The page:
Searching for the ideal rental is an exciting time, but it is important to understand potential hurdles. Landlords and/or property managers will be carefully vetting potential tenants and, as a part of this process, they will be checking applicants’ credit standing.
Property owners want to be certain you will be able to handle your rent payments and make them on time. Your credit score gives them insight into your financial health and how seriously you take your financial obligations.
What Credit Score is Needed to Rent an Apartment?
Landlords are not lenders, but they do consider creditworthiness when selecting tenants that they think will be a good fit. Credit reporting agencies use a range of rated scores to determine an individual’s credit standing. Your credit score will play a role in the appeal of your resident application.
- Exceptional: 800 – 850
- Very Good: 740 – 799
- Good: 670 – 739
- Fair: 580 – 669
- Poor: 300 – 549
Generally, most rental applicants will need to have a “good” credit rating to be considered, and while there is no set standard, on average, the minimum credit score most landlords accept is in the 600 to 650 range. Also, different credit reporting agencies use variables in credit scoring which may change your rating if your credit is borderline.
My Credit Score is Low – How Do I Improve It?
Ideally, you want to start improving your credit score before you start the rental search. This way, you can better position yourself as a desirable tenant. It often takes time to improve a low score, but there are a few immediate steps you can take to give it a boost.
- Check your credit score often to quickly identify something that might be dragging it lower.
- Do not close any credit card accounts, at least until your score increases, because the length of open accounts factors into a credit score.
- If your recent credit history is good, ask your credit card bank to increase your limit (but don’t spend on it).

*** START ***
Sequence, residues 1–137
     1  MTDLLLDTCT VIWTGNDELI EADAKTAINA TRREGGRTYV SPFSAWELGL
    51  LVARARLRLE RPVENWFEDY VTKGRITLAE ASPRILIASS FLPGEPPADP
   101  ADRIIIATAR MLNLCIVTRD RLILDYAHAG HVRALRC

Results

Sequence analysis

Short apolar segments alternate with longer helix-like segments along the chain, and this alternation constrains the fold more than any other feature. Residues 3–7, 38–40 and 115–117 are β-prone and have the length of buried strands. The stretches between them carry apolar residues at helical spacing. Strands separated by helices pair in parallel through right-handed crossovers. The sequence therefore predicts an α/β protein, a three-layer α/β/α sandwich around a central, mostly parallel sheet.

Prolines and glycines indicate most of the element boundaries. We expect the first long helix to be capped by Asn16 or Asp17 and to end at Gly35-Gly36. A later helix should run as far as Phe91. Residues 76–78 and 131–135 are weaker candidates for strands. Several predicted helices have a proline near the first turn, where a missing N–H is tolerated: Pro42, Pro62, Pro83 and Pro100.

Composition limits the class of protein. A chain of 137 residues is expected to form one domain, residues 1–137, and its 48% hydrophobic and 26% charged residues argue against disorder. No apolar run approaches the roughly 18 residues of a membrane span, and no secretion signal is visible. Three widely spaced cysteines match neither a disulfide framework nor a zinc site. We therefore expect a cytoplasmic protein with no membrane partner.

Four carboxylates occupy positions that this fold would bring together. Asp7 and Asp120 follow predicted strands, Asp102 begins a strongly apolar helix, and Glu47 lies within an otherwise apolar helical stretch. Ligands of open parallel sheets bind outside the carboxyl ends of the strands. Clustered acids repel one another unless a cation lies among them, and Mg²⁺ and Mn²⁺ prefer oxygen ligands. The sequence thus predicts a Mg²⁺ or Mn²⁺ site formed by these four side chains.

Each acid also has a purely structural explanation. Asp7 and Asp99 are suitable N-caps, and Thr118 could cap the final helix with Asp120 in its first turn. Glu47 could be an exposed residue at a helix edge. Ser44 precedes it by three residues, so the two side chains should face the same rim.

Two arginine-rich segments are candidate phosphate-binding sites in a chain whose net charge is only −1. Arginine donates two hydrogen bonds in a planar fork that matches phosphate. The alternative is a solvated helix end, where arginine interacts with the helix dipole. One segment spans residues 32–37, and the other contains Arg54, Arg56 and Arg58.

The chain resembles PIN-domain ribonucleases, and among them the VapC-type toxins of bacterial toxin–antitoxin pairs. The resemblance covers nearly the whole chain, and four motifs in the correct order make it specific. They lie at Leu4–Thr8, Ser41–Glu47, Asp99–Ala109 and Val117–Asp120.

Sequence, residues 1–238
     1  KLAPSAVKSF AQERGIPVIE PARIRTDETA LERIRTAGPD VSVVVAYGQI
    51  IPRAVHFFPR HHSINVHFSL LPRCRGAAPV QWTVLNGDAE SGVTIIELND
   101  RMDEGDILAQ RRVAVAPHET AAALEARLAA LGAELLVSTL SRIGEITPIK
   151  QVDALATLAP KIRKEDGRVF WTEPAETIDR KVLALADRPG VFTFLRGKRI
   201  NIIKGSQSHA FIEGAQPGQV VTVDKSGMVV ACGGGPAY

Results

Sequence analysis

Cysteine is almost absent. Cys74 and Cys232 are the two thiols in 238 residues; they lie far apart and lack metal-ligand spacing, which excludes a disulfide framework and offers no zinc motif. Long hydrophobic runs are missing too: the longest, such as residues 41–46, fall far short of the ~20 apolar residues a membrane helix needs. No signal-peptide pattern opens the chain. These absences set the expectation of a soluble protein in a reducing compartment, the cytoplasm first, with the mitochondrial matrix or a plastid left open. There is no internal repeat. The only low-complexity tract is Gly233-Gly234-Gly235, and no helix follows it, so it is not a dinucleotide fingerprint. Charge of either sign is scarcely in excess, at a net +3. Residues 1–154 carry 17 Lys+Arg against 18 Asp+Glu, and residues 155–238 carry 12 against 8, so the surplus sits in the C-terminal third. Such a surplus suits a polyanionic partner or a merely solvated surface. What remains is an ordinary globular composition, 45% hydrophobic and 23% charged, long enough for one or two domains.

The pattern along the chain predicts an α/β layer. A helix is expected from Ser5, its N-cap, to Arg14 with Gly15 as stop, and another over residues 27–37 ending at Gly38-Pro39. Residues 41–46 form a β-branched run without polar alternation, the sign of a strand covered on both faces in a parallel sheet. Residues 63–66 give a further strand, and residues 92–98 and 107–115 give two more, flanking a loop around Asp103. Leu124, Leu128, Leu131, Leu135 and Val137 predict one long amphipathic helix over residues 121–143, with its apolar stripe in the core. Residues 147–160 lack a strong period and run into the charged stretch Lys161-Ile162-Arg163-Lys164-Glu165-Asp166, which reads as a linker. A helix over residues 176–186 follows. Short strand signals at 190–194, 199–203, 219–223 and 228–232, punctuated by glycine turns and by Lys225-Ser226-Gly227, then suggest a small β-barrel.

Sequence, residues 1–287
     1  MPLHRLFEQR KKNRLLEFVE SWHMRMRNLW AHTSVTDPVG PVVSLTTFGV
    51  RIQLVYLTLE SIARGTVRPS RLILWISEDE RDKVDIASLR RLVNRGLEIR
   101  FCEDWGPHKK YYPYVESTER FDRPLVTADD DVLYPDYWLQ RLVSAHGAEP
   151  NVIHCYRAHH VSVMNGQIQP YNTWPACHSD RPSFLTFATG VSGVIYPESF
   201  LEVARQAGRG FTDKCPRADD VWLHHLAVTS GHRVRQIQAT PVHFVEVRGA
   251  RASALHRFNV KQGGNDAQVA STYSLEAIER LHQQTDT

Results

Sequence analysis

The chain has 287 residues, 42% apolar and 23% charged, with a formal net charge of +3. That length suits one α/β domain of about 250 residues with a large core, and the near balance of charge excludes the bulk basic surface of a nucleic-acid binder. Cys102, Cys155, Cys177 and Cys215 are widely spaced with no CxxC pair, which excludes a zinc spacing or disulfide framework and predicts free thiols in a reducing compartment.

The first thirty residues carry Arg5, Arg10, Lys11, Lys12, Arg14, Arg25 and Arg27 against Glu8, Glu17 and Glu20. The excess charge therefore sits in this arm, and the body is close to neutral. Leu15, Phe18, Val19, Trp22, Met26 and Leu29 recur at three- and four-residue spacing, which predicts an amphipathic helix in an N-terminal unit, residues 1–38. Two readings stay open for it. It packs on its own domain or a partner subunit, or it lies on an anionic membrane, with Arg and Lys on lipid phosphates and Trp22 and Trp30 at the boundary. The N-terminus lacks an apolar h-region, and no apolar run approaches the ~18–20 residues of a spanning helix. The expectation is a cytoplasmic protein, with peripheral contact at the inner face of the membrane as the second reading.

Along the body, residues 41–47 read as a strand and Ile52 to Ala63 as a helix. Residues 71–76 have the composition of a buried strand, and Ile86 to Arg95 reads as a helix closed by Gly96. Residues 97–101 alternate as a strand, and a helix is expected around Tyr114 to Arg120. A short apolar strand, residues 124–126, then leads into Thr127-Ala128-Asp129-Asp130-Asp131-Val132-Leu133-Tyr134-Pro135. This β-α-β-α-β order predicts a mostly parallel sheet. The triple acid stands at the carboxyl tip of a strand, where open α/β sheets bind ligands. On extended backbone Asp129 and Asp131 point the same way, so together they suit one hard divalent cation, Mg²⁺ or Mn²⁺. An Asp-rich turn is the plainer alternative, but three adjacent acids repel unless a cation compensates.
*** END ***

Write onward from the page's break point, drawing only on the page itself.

- Pay what you can on existing debt often and go above the minimum payment.
- Pay bills before or on due dates for at least six months.
Another approach you can take is to be honest. Explain why your score is low and what you have been doing to improve it. Life circumstances change, and events from several years ago that brought your score down may not accurately reflect where you are financially at right now. If you can successfully demonstrate you are able and willing to pay your rent on time, you may have enough other strong points. Providing recent pay stubs, bank statements, and references from previous landlords might help tilt the scales in your favor.
What Else Do Landlords Consider from Credit Reports?
Landlords often look at credit scores, but they also may check credit reports. Credit reports offer a more rounded view of a potential tenant and their financial history. They will look at your payment history over the past two years, rental history (if included on the credit reports they pull), and whether you have had any collection items or other blemishes on your credit report, such as evictions, bankruptcy, or unpaid utilities. Everyone is entitled to free annual reports from each of the major credit reporting agencies. Pull your credit report several months before you search for a rental to give you time to correct any errors.
Understanding your credit is beneficial to the renting process, but also is helpful in your everyday life. The stronger your standing, the better access you will have to loans and credit cards with favorable terms. In the long-term, this can benefit you in many ways, including in the rental process.